On Aug. 14, The Independent’s publisher, Josh Warburton, ran a piece on the new McDonald’s Build Your Own Burger kiosk in St. George (officially known as “Create Your Taste” but more commonly known by the former label). If you want to know more about the Build Your Own Burger kiosk, when you’re done here, by all means go back to that link and read about it. Truth be told, I didn’t want to know more about it. To take it a step further, if I had the final say at The Independent, I might not have even run the piece.
But I don’t have the final say. At least not as far as content written by the publisher is concerned. From a business stance, this is probably a good thing. At last count, the article has seen over 850 hits, which equals some pretty good exposure to the Indy’s website that will optimally result in additional revenue which we can spread around to our contributing writers.
However, as it has been speculated here at the Independent more than once—including in Dallas Hyland’s recent opinion piece which revealed that the arrest page is published because that’s what people want to see—perhaps readers don’t know what’s best for them. So from an ethical standpoint, I don’t think we should be giving any more advertising to a fast food restaurant like McDonald’s.
But there’s just a little more to this than just not wanting to give free advertising to a fast food restaurant.
There’s Soylent Green.
So how do I go from the McDonald’s Build Your Own Burger kiosk to this 1973 cult classic in which Charlton Heston discovers … well, is there really anyone out there who doesn’t know the big revelation at the end about the “food” the government provides the people in the futuristic society of “Soylent Green”?
That’s right. Soylent Green is people. So follow along with me for a moment. If you think that the McDonald’s Build Your Own Burger kiosk is only about improving the customer experience as owner Mark Parrish claims in Warburton’s article, I would invite you to go ahead and “camp out” at McDonald’s awhile, as the one of the customers in the article was later quoted as saying. Because, you know, besides being customer-oriented, McDonald’s is good for you, right?
However, as the question of raising the minimum wage has made considerable news as of late, most of you probably suspect the real motive behind this move, and it’s not just customer service. Nor is it the first such effort. In case you haven’t been to a McDonald’s in a bigger city, an Inquisitr article points out that there has been a self-service option at many fast food restaurants for some time now. Not as fancy as the McDonald’s Build Your Own Burger kiosk, but it’s still another way to reduce labor costs.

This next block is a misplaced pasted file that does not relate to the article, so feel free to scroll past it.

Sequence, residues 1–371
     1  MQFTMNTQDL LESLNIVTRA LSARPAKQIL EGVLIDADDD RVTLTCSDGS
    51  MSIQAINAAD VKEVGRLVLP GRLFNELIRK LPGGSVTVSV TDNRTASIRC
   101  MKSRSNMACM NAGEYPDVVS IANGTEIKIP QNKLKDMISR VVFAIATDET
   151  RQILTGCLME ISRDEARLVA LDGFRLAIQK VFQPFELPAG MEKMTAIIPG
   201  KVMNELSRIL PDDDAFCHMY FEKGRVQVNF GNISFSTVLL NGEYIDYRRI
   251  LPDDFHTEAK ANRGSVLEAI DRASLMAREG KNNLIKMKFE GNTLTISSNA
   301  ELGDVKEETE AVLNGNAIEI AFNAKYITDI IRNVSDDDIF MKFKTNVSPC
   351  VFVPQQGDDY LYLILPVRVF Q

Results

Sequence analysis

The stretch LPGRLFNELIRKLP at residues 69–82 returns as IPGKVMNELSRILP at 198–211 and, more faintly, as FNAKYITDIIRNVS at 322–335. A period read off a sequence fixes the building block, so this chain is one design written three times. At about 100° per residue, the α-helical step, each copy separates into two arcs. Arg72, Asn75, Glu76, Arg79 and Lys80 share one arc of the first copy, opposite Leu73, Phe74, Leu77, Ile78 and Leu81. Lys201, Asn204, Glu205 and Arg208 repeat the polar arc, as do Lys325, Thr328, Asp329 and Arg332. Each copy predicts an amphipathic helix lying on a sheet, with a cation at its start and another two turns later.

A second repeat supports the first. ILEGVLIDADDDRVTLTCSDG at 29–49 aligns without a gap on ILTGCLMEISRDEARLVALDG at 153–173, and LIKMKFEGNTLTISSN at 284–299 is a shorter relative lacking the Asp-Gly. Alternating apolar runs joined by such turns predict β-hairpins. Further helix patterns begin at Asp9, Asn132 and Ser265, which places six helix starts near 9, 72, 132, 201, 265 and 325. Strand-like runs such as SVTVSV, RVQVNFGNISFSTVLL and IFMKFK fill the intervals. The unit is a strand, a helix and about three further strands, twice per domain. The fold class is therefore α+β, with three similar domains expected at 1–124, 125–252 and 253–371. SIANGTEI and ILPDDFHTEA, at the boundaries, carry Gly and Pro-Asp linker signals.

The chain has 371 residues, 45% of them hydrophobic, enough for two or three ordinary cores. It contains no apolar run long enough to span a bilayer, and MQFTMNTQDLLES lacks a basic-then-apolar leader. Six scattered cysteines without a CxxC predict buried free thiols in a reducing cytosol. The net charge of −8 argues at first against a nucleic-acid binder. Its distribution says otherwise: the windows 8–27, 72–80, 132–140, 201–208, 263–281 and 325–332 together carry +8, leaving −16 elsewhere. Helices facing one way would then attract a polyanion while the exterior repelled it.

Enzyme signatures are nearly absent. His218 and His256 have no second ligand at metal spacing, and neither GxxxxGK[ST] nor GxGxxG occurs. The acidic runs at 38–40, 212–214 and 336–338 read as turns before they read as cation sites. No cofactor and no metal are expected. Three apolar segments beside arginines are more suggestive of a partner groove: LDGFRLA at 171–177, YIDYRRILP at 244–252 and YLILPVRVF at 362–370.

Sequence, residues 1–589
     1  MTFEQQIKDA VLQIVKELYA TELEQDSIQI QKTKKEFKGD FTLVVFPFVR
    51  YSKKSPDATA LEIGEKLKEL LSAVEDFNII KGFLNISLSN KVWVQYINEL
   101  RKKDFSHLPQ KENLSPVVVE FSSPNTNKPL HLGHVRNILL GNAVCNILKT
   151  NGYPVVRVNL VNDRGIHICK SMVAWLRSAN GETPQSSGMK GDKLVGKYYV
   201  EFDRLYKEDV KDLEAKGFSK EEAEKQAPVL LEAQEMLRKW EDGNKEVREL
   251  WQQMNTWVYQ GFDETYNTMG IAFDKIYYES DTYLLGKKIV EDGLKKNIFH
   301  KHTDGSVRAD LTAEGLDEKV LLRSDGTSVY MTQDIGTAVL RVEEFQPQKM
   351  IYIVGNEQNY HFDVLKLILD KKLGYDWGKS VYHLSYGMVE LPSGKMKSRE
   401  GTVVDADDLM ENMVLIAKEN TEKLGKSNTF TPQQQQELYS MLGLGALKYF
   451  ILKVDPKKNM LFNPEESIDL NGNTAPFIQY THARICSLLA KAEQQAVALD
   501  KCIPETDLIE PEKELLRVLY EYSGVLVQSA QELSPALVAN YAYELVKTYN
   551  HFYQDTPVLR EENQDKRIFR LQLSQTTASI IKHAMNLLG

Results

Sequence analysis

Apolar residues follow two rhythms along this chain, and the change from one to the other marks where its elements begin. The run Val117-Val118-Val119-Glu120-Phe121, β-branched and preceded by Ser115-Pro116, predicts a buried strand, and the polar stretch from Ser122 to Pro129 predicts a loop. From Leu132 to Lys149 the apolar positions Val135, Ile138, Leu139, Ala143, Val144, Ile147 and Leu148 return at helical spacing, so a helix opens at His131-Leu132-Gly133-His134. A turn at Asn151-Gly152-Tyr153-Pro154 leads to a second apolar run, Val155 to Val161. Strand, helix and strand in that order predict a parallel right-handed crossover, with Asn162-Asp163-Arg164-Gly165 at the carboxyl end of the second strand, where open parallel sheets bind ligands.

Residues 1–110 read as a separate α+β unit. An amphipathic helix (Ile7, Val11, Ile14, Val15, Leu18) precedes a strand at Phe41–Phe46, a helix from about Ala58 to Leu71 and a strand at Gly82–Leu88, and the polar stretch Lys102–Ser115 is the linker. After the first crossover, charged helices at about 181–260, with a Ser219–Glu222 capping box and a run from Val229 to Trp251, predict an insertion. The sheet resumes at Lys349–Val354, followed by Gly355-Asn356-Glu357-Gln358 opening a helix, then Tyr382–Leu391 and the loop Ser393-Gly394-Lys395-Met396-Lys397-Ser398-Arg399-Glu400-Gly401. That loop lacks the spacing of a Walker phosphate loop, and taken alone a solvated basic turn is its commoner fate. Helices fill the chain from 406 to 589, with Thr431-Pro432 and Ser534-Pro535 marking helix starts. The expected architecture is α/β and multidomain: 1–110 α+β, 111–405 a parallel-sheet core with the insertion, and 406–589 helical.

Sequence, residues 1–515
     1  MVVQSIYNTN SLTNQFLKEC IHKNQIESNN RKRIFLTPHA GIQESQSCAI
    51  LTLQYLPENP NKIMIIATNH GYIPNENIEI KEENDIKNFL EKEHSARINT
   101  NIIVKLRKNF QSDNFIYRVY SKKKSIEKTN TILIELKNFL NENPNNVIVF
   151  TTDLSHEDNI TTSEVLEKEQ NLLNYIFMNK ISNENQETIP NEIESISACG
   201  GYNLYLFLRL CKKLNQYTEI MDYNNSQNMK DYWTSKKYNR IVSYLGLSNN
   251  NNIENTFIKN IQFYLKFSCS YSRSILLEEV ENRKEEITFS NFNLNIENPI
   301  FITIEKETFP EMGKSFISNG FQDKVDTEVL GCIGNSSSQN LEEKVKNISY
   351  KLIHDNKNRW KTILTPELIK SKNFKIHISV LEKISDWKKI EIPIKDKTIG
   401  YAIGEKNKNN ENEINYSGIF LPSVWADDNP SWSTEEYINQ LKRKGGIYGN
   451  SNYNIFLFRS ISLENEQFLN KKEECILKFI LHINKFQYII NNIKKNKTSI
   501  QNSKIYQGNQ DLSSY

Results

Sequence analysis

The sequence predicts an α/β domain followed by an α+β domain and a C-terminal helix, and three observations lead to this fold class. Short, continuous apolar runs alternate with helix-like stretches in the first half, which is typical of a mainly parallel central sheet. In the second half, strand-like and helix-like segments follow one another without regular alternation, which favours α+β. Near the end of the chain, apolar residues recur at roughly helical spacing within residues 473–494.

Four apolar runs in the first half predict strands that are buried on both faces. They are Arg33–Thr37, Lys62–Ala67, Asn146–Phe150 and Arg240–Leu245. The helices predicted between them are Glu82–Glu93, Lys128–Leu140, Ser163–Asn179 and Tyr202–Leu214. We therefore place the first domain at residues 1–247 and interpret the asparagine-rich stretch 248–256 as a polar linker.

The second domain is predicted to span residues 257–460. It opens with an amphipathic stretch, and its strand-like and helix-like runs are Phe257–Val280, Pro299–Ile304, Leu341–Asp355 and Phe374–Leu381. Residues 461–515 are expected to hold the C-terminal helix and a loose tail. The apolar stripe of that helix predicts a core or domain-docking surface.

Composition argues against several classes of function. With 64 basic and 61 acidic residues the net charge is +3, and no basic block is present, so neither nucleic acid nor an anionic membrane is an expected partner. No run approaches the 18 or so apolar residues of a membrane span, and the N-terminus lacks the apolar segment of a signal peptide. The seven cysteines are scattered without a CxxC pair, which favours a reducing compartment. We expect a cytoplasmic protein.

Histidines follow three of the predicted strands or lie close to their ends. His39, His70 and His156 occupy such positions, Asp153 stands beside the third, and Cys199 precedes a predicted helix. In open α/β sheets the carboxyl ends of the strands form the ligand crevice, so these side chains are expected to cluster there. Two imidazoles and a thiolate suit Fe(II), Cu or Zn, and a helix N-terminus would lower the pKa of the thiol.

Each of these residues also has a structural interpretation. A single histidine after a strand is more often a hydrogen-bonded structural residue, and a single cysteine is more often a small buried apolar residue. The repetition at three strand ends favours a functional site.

Reduce labor costs. That sounds nice, right? Reducing costs mean McDonald’s passes those savings on to us, right? What it actually means is “no need to pay people.” While Parrish claims the new Build Your Own Burger service actually adds labor hours, you can bet that as more people start using it, that pendulum is going to swing the other way. I would further bet that as soon as someone can come up with robots cheap enough to “Build Your Own Burger,” McDonald’s will be buying them up right and left.
So what happens when all those previously employed people are replaced by self-service?
“Soylent Green is people!”
Okay, that’s a little extreme, but seriously, let’s talk about those savings from reducing labor costs. Where do you think that money is going to go?
Probably not into higher quality organic, grass-fed beef. Since many speculate these technological advances are a result of a resistance to increasing minimum wage, it’s probably not going to go into the paychecks of any employees left around to run the kitchen. Nor is it probably going into your pocket.
According to the Inquisitr article, “A 2011 study found that self-service kiosks at restaurants like McDonald’s resulted in order times that were seven seconds faster than when dealing with human beings. That may not seem like much, but the same research study said that shorter order times of that length could result in an increase in a company’s market share by 1 to 3 percent. In terms of the billions of dollars made by a company like McDonald’s, that 1 to 3 percent could mean millions of dollars.”
Unless you own stock in McDonald’s, you’re probably not going to see those savings. And keep in mind those millions of dollars are just the result of simple self-service. In fact, the Build Your Own Burger in St. George is actually more expensive.
I’ve made no secret of my distaste for large box or chain stores. In fact, I’ve been vocal enough in the past that Walmart’s corporate director of communications wrote a letter to the Independent in response to one of my pieces. While I still have some problems with Walmart, at least they aren’t selling a product that most studies say is contributing to the obesity epidemic in our country—if not outright killing people—all the while pandering to children at the same time. Okay, so McDonald’s doesn’t push that angle as much as when I was a kid, but it’s still there.
So I choose not to patronize their business. And if I had the final say, I wouldn’t be giving them free advertising with a story about a new innovation that I feel confident is only going to take away jobs. Technology can do some amazing things and make our lives infinitely easier. But it can also make life infinitely harder for others who used to do those jobs that the technology has filled. And in the case of the McDonald’s Build Your Own Burger kiosk, I chose not to help them push that teenage kid or single mother just trying to support a family into the meat grinder.
I can only imagine the letter The Independent’s going to get after this one.
[For the record, the publisher of The Independent, Josh Warburton, is vegan, so he’s probably not going to be one of those patrons camping out at McDonald’s for every self-service meal.]